Joanna wondered why David’s mother left him there as a baby, however, she felt
it impolite to ask.
“I will give you some of Dom's soap, it smells good, like rose petals.”
Joanna left the cave. The sun spread its warmth over the earth with its power and
light. The daisies, scattered in the grass near the stream, appeared to reach up as if
they would try to catch the sunlight. A stream ran under another cave and Joanna
washed there. The spring sun reminded her of summer. She dressed in David’s old
clothing, which fit, but she hated the tan color. The soap did smell like roses and
Joanna did as well after washing.
When she returned, Louis had already begun mixing the dyes. She observed the
task and thought Louis was a good teacher. Afterward, she decided to try to sew.
Joanna pulled a rocking chair near Louis then picked up a needle from his basket to
help him sew. She excelled at needlepoint and the action of pushing then pulling
the thread calmed her mind. She would make herself clothes.
Her dark hair curled slightly and she pushed it behind her shoulders; it was long
and it fell across her back. The ordinary cave offered her rest from her worries. She
felt the horrible days ended when she met Dom and the rest of the cave’s
“I see you have good taste!” Louis said.
“I beg your pardon?”
“You chose the best seat, the chair that David made. It is our finest because
David excels at woodcarving.”
“It is beautiful.” She leaned back to view it and thought it well made.
“I take a nap each afternoon as the medicine I take for my leg injury makes me
“I will keep myself occupied.”
She left the caves to explore but she was careful to stay close by. Joanna saw the
garden beyond the stream and she pulled some weeds. It was difficult work. The
large shirt partly obstructed her vision of the ground when she bent over so she tied
a knot in it. Joanna liked the work because it prevented any feelings of sadness
which would overwhelm her thoughts otherwise.
She returned home to see the four men working. Frank and Louis stirred soup in
the huge pot and George and David cut up vegetables. The aroma of herbs from the
garden with the vegetables made the cave smell as delicious as the royal kitchen.
Dom had not arrived yet. After the potatoes were cut into small pieces, George
walked over to deposit them into the stew.
“I will cook it, Frank,” George said, his face peering into the pot as the steam
filtered out.
“I said that I will make the soup, so go set the table!” Frank was firm.
The men even argued like a family she thought. Joanna forgot what a family was
“Let me help you,” Joanna said.
David looked up from peeling carrots. His eyes widened at the sight of their
guest as she was beautiful. When he first met her, with wild hair and dirt stuck to
her, she appeared more like an animal than a girl. He admired her striking blue
eyes and full lips. David stared at her knotted shirt which displayed her small waist
and curved hips and then he looked down as if he should not be so well acquainted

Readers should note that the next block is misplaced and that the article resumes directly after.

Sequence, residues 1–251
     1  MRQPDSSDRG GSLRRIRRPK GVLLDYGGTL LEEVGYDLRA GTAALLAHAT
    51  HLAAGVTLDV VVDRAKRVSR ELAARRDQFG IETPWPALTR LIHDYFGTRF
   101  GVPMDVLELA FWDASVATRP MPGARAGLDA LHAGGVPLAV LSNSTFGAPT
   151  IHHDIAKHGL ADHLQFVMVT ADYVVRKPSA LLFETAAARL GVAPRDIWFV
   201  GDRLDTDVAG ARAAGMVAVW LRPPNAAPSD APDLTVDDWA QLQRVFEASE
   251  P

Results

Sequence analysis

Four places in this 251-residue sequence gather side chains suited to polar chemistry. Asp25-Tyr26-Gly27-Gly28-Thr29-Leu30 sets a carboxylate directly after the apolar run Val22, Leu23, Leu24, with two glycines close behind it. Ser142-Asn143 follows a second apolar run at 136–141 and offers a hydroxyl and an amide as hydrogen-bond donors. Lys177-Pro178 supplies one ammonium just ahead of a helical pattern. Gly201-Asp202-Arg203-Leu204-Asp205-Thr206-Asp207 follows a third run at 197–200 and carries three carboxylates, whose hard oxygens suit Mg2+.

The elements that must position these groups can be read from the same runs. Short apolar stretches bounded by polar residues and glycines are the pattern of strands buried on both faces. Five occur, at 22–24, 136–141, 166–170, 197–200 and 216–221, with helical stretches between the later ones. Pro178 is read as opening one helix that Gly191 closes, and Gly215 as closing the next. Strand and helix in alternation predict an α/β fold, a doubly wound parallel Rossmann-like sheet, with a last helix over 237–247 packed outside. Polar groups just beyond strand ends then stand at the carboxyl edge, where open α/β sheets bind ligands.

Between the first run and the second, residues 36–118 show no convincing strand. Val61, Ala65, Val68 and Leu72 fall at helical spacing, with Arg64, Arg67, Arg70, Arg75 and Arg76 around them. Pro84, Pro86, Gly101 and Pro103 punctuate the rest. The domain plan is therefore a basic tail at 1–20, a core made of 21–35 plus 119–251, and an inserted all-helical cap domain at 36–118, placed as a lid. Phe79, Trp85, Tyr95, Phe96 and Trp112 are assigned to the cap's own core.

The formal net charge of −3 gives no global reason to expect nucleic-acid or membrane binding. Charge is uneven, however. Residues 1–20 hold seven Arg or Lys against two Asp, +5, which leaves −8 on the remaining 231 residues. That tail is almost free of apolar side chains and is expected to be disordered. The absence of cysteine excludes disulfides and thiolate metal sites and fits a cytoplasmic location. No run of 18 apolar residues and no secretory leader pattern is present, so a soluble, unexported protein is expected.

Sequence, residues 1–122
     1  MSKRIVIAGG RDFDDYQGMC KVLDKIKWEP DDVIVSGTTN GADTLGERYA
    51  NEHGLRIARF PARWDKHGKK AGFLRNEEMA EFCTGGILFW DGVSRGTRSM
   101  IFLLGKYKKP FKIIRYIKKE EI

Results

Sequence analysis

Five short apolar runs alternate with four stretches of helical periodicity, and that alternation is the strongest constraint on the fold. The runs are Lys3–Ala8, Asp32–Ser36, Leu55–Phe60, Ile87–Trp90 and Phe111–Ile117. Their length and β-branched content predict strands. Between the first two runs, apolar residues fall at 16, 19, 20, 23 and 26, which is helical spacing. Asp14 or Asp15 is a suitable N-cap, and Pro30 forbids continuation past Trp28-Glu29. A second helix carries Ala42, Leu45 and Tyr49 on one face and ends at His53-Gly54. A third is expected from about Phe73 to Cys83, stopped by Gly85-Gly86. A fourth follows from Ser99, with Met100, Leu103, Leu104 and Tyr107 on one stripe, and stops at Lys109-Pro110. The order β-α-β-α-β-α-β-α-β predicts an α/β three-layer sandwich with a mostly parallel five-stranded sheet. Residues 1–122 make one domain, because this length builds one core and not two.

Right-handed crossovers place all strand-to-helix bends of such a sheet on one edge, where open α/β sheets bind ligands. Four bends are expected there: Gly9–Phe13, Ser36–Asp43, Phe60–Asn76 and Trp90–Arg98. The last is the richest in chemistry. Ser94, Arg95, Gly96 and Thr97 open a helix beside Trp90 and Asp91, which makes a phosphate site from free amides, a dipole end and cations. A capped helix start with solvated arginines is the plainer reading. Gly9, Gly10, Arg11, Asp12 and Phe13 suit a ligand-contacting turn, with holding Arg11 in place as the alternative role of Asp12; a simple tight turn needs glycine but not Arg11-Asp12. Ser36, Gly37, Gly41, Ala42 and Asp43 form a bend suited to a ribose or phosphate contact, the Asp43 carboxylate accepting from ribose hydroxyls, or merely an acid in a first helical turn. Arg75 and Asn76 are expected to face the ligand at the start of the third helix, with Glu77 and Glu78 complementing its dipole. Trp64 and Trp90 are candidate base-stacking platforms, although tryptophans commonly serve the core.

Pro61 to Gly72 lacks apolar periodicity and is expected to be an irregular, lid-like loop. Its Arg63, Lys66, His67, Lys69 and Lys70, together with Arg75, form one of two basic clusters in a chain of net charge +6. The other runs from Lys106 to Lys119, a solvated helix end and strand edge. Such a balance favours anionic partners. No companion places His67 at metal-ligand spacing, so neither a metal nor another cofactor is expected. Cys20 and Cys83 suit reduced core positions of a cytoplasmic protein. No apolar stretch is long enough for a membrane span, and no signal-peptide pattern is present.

with a stranger. Then he glanced at the others who seemed preoccupied by dinner.
“I will help you set the table,” David said.
“Thank you,” she replied.
Frank stopped stirring the soup and looked at David. He thought he’d seen
everything until David volunteered to do a chore. Things would surely be different
with Joanna living there.
She felt David’s eyes follow her as she moved toward the table. She reached for
the bowls and he got up to help her and his hand touched hers when he took the
bowls from her. The shock of his touch gave way to an attraction to him. The pair
distributed the bowls and David put his hand on her arm as she leaned over the
table to stop her from putting out the cups. He retrieved a jug of cider and then
filled them and set them out.
As a princess, no one would be so bold as to touch her, but she was now a
commoner like him, and she had to adjust to their ways. If she had not liked him it
might have been unpleasant, but David made her feel something she could not
describe and she liked the familiar way he treated her.
The Queen of Bow paraded through the long corridor and down a flight of stairs
to the basement of her castle. She noticed her hand shook far worse as the hours
She found her doctor, Dr. Fitzgold, in his office working with his medicines. He
strewed his bottles of powders and liquids on the large wooden table near the
window. The Queen entered without knocking which caused the lean man to look
He said, “Your Royal Highness, are you feeling ill?”
“It is my hand, it quivers.” The Queen sat down on an oak chair. The smell of
bitter herbs filled the room as if the treatment would mask the sickness.
“Let me see the hand.”
She put her hand out and he sat next to her to study it. The doctor scratched his
head. Then he rose and rummaged through some powders and found one which he
mixed with a liquid. He poured the mixture carefully into a small glass jar using a
The Queen glanced around his office. There were different bottles of medicines.
Her eyes lingered on one. A skull marked it as poison.
Dr. Fitzgold handed her the bottle he had mixed. She drank the liquid and then
returned to her office to continue her tasks. The medicine relieved her trembling
like victory relieved her mind as she recalled that power is purchased with